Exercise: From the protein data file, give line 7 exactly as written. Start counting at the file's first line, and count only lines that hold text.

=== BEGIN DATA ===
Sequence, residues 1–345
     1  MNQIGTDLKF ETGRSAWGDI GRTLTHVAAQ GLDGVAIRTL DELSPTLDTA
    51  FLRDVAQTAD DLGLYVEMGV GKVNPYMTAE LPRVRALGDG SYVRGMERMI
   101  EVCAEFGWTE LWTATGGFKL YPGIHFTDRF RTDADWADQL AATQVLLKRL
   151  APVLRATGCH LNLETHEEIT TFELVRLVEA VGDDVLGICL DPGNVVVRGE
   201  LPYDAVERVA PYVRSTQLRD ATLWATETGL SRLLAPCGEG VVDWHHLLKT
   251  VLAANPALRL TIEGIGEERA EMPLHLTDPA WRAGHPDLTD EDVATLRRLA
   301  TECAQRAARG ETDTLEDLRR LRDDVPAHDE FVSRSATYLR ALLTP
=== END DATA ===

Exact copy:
   251  VLAANPALRL TIEGIGEERA EMPLHLTDPA WRAGHPDLTD EDVATLRRLA